Since we began working together in 2016, 8,200 farmers have participated in 2SCALE training programs. Many more have benefited indirectly, picking up farming skills from the trainees. Yields and quality have improved, and hundreds of farmers have made the transition from subsistence to market-oriented agriculture.
A few years ago, I grew sorghum not to sell but only to feed my animals. Today I can sell on the market for 10,000 Naira per 100-kg bag. And when I sell to Nestle, because the quality of my grain has improved, I can get 10% or even 20% above local market price
Bashir Umar, small-scale sorghum farmer in Kano state.
The program began by mapping the sorghum value chain actors: farmers, aggregators, seed and fertilizer suppliers, financial institutions and others. Sorghum ‘clusters’ were established in three states: Funtua in Katsina, Kuki in Kano and Soba in Kaduna. Farmers were mobilized and registered in groups. Nine learning-and-demonstration plots were established. Every group was trained, first on production methods, and later on other aspects such as business practice. Groups were linked to financial institutions and input suppliers.
Women farmers were particularly encouraged: 27% of ‘our’ farmers are women, and three of the nine learning plots are exclusively managed by women.
2SCALE field teams helped farmer groups understand Nestle’s requirements in terms of volumes, quality and delivery schedules. As many as 47 producers’ organizations now have formal contracts with the company’s agents and aggregators. Nestle has purchased more than 6,000 tons to date, and aims to locally source its entire requirements of 7,000 tons per year.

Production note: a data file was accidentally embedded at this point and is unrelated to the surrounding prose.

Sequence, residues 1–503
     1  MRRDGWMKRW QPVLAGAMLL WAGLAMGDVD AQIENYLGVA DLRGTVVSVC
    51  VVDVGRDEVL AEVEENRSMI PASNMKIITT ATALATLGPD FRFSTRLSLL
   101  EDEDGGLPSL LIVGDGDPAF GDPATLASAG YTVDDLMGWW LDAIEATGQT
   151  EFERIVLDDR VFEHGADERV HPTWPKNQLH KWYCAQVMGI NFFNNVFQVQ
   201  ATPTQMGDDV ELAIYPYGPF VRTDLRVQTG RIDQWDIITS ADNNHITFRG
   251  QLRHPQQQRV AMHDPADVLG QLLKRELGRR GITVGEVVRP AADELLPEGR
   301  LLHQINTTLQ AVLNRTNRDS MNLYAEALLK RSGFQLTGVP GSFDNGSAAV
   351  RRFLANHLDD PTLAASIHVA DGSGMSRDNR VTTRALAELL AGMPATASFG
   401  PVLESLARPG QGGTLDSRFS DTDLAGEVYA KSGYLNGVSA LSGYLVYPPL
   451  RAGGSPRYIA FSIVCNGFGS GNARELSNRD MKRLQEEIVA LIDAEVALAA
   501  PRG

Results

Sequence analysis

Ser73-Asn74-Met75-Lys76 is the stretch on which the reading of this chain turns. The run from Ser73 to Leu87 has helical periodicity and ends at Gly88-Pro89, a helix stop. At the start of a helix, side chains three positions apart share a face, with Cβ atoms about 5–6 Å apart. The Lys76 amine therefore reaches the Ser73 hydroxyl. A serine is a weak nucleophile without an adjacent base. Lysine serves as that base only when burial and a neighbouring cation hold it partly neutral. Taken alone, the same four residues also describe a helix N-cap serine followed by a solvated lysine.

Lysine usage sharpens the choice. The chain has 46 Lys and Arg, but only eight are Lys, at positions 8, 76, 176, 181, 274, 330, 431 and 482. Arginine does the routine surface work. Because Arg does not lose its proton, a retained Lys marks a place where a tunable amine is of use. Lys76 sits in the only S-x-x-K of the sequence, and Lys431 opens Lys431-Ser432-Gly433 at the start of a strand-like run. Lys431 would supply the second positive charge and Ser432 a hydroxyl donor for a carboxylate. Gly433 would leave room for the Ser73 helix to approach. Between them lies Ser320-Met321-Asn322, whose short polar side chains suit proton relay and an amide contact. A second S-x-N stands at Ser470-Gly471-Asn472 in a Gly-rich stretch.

than 1,000 farmers have
been able to access improved sorghum seeds and blended fertilizer on credit. Partnerships
were key – Nestle, through its aggregators, gave farmers formal supply contracts;
and financial institutions (notably LAPO microfinance bank and the Bank of
Agriculture) provided input loans on the strength of these contracts.
Sorghum farmer Bashir Umar explains how the Nestle partnership has impacted the community. “Previously, farmers worked individually, not as a cooperative. Yields were as low as 10 bags per hectare, and profits were very small. Today we harvest 20-25 bags per hectare.” And it’s not just yields that have improved, but quality and price as well. “We sell as a group. So the company agent gets his entire requirement at one place, and we get a higher price because our quality is good. Everyone works together, and the cooperative is becoming stronger every season.”